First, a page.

Shoppers blast Big W over hefty hike in lay-by fees

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The discount retailer is copping the ire of customers following a hefty increase in lay-by charges.

June is Toy Mania month at Big W - part of the Woolworths stable of brands. It's a chance for parents to score big savings on toys and children's electronics.

For many families, Toy Mania is also an opportunity to use lay-by to steadily pay off Christmas presents without interest charges, while also having gifts stored securely away from the prying eyes of kiddies.

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However, a quick check of Big W's social media shows some parents are less than impressed about the retailer's decision to hike its non-refundable lay-by fee from $5 to $15.

It's a small increase in dollar terms. But for a family putting $150 worth of toys on lay-by, the $15 service fee adds an extra 10% to the cost of purchases.

How lay-by works

A generation ago, lay-by was the go-to method of paying for big-ticket buys.

And it still holds appeal.

At Big W, shoppers can use lay-by for a minimum spend of $50, putting down 10% deposit, and paying off the balance over 24 weeks with minimum payments of just $5 every fortnight.

In recent years, lay-by has fallen out of favour with many retailers.

The rise of buy now, pay later (BNPL) has meant stores no longer have to wear lay-by storage costs. For consumers, BNPL offers a key advantage - you get to enjoy purchases straight away.

For parents buying children's Christmas gifts however, immediate gratification isn't always a plus.

After all, there can't be many of us who didn't wait until mum and dad were settled in front of the telly to start scoping for hidden presents.

So, how does BNPL compare to lay-by?

Based on the example of a parent who spends $150 on toys, using Afterpay would mean paying off the tab in four installments every two weeks - that's about $37.50 each fortnight.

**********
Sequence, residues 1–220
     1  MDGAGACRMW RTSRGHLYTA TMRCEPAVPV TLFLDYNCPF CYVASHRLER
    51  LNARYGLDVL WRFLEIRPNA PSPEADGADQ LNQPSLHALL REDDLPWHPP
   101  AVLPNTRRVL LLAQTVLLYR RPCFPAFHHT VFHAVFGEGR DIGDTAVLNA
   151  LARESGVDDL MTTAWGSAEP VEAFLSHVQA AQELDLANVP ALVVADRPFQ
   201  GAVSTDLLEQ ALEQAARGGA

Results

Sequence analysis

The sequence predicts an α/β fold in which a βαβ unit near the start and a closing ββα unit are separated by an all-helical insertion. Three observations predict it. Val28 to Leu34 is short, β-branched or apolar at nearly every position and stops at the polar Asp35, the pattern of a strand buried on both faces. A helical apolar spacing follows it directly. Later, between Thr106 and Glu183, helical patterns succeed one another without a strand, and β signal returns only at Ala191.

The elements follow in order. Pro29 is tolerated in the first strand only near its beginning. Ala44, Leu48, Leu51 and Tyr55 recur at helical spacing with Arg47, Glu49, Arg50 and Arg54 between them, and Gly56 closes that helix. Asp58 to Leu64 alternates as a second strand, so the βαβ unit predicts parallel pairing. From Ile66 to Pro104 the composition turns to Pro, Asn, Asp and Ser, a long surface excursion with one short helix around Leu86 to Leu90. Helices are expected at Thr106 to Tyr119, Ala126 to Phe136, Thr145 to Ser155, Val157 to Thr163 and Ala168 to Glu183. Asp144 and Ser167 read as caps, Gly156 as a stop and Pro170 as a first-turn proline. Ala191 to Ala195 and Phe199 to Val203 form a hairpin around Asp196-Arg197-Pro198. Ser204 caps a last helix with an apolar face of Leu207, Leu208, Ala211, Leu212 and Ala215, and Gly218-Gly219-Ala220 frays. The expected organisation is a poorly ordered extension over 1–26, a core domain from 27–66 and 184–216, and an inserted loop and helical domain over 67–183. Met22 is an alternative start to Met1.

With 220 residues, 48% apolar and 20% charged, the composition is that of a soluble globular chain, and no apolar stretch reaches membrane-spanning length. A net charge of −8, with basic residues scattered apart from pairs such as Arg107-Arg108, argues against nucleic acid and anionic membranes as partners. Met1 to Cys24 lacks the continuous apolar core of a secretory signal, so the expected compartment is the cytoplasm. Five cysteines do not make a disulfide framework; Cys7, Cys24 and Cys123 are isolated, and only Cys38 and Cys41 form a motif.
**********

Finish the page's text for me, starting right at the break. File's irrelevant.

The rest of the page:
The danger zone can arise if you fall behind with payments. This is when late charges can start to rack up.

On purchases over $40, Afterpay can charge total late fees of 25% of the original order value or $68, whichever is less.

Worst case scenario, late fees on a $150 purchase could add up to $37.50.

But you would only need to miss one repayment to be slugged $17 in late fees assuming the payment was still outstanding seven days after the due date.

Seen through this lens, the $15 Big W lay-by charge doesn't look so bad.

The sting in the tail is that if you cancel your Big W lay-by, a cancellation fee of $20 applies.

So, if you put a toy on lay-by only to find grandma has purchased the same item, you could lose $35 comprised of the $15 lay-by fee plus the $20 cancellation charge.

Why the higher lay-by fee?

Hiking a lay-by fee from $5 to $15 - a tripling of the cost from one month to the next, is a big hit for consumers facing the highest cost of living increases seen in years.

Big W took to Facebook to explain the uptick, saying it was "due to an increase in the costs of managing and storing goods for lay-by, as well as a rise in the number of orders that are later cancelled".

A solution

Of course, consumers do have the option to vote with their feet.

Kmart also offers lay-by, and requires the same minimum spend of $50 and minimum deposit of 10%.

The difference is that Kmart's non-refundable service fee is a pint-sized $3. And if you change your mind about the purchase, you'll pay an administration fee of just $11.

That leaves it up to shoppers to work out if Kmart offers better all-round value or if the savings of Big W's toy sale outweigh the higher lay-by fee.

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A former Chartered Accountant, Nicola Field has been a regular contributor to Money for 20 years, and writes on personal finance issues for some of Australia's largest financial institutions. She is the author of Investing in Your Child's Future and Baby or Bust, and has collaborated with Paul Clitheroe on a variety of projects including radio scripts, newspaper columns, and several books.